Nearly half a million firearms deer hunters are preparing for the firearms deer season that opens Saturday, Nov. 6, and offers opportunity to spend time outdoors with friends and family, find adventure outdoors and put venison in the freezer.
Hunters help keep deer numbers in line with population goals across the state and deer hunting is the primary tool used to manage deer populations. Managing deer populations contributes to the overall sustainability of Minnesota’s landscapes, natural systems and economy.
Minnesota Department of Natural Resources’ wildlife managers report favorable weather so far this year and good opportunities to harvest deer in most areas. Hunters always need to prepare for changing weather conditions. Currently, managers report dry conditions that can improve hunter access due low water conditions in wetlands, floodplains and small water bodies. Dry conditions are also resulting in greater fire danger, and deer hunters are advised to be careful with any heat source that can cause a spark.
Hunters need to know the boundaries of the deer permit areas and any chronic wasting disease regulations that apply where they hunt. Detailed information about each permit area and CWD area can be found on the DNR’s interactive deer map. Additional information about CWD areas, carcass movement restrictions and voluntary sampling can be found at mndnr.gov/cwd.
Southern deer report
Weather conditions for deer and other farmland wildlife were favorable in 2020-21. Winter conditions were mild once again with above-average temperatures and lower than typical snow depths. Spring and summer precipitation was below normal and led to widespread drought conditions throughout much of the state beginning in summer but easing by fall. Drought conditions had no measurable impact on the deer herd and fawn production was good.
Despite the drought conditions, overall habitat is in good shape. River floodplains, which offer some of the best deer habitat and deer hunting in the southern region, had two consecutive years to recover from persistent flooding. These floodplain habitats are once again offering excellent cover for deer, which bodes well for deer hunters.
Upland grassland areas and wetland basins are in good shape as well, and hunters may encounter lower water levels or completely dry wetland basins. Conditions will be spotty with recent rains.
Overall deer populations are strong throughout the southern region. All deer permit areas underwent a new round of population goal setting and harvest strategies are aligned to meet new deer density estimates. Hunters are reminded that a number of deer permit boundaries were adjusted to better match available habitat with deer densities. Affected permit areas, specific to the southern region, include 237, 275, 276, 277, 281, 282, 283 and 295. Boundary changes will make population modeling more accurate and were desired by local deer hunters.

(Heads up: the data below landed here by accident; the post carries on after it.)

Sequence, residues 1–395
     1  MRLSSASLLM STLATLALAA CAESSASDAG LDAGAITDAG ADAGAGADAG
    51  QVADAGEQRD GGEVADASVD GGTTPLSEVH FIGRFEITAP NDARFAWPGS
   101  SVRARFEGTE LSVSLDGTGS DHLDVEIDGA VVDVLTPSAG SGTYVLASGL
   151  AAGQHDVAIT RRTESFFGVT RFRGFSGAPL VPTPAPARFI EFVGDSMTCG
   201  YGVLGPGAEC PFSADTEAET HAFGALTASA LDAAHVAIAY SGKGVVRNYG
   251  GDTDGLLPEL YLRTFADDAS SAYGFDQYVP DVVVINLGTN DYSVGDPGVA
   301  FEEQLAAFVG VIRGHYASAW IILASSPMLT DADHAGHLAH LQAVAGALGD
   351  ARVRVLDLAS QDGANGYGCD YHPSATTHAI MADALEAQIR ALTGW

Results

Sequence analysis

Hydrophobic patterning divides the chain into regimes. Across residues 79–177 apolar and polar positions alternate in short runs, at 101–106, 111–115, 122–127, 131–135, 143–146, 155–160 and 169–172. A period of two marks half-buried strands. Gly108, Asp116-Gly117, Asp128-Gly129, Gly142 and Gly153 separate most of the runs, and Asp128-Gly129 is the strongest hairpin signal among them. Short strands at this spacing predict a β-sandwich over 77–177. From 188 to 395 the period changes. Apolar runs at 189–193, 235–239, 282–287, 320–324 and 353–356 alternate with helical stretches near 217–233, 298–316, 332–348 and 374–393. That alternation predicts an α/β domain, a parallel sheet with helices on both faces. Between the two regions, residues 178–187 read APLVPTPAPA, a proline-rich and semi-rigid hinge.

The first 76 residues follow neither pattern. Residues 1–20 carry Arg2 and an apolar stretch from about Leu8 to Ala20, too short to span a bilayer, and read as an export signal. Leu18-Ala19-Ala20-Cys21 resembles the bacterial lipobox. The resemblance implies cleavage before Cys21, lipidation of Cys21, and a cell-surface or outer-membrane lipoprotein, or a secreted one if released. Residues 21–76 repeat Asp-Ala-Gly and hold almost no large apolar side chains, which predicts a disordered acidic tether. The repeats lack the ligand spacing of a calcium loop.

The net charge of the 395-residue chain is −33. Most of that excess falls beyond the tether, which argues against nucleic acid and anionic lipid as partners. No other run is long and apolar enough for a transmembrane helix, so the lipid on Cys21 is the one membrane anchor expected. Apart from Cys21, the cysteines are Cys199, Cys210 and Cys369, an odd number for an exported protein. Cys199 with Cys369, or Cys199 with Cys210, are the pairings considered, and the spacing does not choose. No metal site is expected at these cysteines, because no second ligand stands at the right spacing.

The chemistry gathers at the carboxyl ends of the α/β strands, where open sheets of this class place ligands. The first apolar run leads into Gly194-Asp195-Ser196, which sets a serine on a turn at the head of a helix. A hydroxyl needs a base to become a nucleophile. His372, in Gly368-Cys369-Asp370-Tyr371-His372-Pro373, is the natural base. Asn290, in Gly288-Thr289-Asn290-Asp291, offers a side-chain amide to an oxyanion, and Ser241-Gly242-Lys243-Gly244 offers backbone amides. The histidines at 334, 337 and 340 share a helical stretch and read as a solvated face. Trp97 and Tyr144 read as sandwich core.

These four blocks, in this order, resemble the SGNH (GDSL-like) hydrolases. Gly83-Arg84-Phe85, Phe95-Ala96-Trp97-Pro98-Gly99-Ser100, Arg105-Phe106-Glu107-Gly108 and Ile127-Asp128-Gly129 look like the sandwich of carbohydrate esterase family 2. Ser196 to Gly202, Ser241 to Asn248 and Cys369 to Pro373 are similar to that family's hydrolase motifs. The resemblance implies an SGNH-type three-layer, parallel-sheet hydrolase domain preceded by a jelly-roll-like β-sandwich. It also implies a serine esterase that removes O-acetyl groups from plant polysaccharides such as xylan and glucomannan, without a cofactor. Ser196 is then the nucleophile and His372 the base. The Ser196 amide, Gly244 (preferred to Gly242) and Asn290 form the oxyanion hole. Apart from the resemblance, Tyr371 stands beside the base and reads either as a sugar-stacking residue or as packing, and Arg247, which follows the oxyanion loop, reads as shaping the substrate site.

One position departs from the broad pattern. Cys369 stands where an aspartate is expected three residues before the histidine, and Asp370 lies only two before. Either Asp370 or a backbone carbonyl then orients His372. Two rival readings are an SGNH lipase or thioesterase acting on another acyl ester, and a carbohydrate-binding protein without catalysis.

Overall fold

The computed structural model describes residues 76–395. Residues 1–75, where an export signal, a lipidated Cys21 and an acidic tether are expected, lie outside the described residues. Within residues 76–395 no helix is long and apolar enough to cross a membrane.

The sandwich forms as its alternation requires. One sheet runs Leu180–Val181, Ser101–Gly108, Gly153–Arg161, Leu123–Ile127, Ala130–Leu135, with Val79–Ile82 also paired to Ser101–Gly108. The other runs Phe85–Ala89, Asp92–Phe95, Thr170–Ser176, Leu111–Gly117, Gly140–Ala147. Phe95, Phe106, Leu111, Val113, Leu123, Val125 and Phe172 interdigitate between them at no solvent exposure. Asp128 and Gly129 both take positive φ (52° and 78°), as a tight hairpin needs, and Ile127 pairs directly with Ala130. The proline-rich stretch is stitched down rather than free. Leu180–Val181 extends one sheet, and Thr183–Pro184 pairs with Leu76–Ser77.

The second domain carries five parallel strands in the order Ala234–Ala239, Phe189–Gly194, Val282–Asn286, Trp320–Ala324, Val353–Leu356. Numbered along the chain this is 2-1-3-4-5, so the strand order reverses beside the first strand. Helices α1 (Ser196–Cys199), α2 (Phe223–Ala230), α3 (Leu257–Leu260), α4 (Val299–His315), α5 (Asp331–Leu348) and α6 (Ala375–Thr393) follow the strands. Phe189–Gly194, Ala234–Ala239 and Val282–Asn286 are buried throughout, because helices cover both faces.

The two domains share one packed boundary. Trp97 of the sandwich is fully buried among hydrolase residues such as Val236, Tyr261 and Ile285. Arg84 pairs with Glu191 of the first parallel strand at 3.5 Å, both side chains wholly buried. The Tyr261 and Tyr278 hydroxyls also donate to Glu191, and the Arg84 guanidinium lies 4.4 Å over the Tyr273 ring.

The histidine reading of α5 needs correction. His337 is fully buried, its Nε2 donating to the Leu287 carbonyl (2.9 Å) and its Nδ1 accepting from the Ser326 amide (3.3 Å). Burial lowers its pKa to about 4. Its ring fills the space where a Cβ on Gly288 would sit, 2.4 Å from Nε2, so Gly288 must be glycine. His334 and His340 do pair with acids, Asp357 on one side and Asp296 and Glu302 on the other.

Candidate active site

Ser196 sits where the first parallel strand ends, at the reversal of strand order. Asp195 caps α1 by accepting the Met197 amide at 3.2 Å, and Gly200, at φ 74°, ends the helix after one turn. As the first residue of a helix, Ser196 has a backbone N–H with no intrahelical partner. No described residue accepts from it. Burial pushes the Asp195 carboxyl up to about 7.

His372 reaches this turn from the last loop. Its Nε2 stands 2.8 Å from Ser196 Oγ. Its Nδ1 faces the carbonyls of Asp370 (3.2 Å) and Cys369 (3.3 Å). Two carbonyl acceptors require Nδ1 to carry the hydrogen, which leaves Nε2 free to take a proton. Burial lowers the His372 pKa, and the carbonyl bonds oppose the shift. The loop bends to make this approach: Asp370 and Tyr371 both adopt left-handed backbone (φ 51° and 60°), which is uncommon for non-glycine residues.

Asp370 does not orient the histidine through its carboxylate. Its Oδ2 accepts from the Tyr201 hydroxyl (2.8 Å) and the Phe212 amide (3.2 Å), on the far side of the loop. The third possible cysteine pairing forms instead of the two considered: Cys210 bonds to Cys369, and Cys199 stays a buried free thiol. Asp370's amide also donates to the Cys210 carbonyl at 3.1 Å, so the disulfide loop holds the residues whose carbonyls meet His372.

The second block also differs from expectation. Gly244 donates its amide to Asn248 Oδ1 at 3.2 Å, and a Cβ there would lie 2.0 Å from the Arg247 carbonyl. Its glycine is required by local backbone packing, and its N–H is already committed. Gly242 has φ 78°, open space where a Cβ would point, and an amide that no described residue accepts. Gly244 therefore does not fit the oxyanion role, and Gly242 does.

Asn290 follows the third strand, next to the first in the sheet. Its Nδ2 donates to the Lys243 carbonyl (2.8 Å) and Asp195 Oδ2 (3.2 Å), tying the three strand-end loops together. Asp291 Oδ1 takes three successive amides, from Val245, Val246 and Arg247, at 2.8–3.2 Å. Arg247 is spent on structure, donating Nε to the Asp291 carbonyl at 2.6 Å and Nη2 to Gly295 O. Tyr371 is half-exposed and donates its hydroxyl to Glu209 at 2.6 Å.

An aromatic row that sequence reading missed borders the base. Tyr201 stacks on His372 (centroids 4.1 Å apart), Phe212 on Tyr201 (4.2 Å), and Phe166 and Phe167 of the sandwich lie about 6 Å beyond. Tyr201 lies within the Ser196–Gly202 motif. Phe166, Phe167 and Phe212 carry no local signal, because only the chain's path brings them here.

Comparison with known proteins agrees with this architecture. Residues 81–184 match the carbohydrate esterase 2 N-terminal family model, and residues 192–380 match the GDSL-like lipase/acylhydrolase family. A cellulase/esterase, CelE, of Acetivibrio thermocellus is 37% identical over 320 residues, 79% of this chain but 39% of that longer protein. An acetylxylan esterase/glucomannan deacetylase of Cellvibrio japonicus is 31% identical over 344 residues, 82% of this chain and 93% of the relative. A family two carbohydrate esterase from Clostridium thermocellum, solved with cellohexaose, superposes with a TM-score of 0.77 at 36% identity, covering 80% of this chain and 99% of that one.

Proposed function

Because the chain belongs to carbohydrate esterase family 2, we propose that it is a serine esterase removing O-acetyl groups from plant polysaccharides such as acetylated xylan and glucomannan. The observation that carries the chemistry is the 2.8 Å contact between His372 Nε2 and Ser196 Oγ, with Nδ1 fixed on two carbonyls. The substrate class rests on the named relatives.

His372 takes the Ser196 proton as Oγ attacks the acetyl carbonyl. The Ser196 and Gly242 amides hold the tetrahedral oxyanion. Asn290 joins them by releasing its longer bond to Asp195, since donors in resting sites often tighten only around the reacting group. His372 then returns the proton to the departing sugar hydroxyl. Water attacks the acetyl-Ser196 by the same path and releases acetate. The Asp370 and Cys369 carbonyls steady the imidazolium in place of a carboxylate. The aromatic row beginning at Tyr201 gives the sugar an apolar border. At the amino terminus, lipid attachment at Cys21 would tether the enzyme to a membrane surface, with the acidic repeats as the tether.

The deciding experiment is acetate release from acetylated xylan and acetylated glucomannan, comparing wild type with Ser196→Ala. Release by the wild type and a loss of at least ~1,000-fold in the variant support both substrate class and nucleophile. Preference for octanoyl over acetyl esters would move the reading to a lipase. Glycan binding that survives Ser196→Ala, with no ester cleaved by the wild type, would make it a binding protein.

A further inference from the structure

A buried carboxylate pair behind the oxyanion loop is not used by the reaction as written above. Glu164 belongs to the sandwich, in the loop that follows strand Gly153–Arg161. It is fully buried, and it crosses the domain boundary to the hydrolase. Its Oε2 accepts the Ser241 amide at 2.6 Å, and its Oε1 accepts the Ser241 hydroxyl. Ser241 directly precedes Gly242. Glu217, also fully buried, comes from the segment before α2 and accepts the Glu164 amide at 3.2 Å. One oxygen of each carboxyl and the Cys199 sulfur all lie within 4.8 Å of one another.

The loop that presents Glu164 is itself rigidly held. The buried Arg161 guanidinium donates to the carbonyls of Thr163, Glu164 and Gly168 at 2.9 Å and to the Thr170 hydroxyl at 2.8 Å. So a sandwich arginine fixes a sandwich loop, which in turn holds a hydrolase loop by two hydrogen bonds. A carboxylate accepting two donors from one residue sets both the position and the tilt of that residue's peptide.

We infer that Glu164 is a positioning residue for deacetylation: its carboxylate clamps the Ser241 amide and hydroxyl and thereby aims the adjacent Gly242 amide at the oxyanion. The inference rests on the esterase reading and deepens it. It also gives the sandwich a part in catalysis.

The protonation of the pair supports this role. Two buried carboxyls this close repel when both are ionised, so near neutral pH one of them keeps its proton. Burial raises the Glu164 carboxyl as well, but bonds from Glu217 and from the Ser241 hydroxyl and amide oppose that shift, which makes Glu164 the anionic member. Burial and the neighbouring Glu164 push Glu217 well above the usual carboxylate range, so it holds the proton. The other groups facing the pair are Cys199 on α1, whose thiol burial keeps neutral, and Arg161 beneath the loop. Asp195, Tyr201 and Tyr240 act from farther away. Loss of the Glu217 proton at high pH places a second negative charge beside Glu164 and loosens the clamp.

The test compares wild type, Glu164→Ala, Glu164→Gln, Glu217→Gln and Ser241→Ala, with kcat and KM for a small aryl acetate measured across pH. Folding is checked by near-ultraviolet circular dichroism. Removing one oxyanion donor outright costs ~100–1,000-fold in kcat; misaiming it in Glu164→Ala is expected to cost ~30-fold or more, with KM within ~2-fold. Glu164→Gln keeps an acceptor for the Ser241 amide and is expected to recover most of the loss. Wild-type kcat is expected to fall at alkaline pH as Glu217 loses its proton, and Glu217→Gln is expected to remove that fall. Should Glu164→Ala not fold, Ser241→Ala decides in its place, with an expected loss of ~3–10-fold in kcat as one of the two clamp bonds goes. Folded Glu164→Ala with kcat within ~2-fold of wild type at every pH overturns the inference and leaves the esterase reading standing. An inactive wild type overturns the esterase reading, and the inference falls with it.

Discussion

As always, the largest wildcard in this landscape in determining overall deer harvest is the amount of standing crop remaining in the field during firearms deer season. The crop harvest is in full swing right now and ahead of the long-term average. Crop harvest usually improves hunter success by increasing harvest opportunities, as greater numbers of deer begin using other habitat as cover instead of standing corn.
Central deer report
Following the summer drought, much of the central region remains dry despite some recent rainfall that has allowed a green-up of vegetation going into fall. Many areas with small bodies of water or wetlands are dry or low, which will improve hunter access. Acorn production has been decent in some areas but marginal to spotty in others, and some of the red oaks are dropping acorns. With the dry conditions, early season hunters are experiencing fewer mosquitos and other bugs compared to previous years.
Deer populations are robust in the central Minnesota and are above to well-above goal levels throughout nearly all central Minnesota deer permit areas. Many permit areas allow a hunter to harvest up to three deer. There are also a few deer permit areas in central Minnesota that are open to the early antlerless-only season from Thursday, Oct. 21, through Sunday, Oct. 24.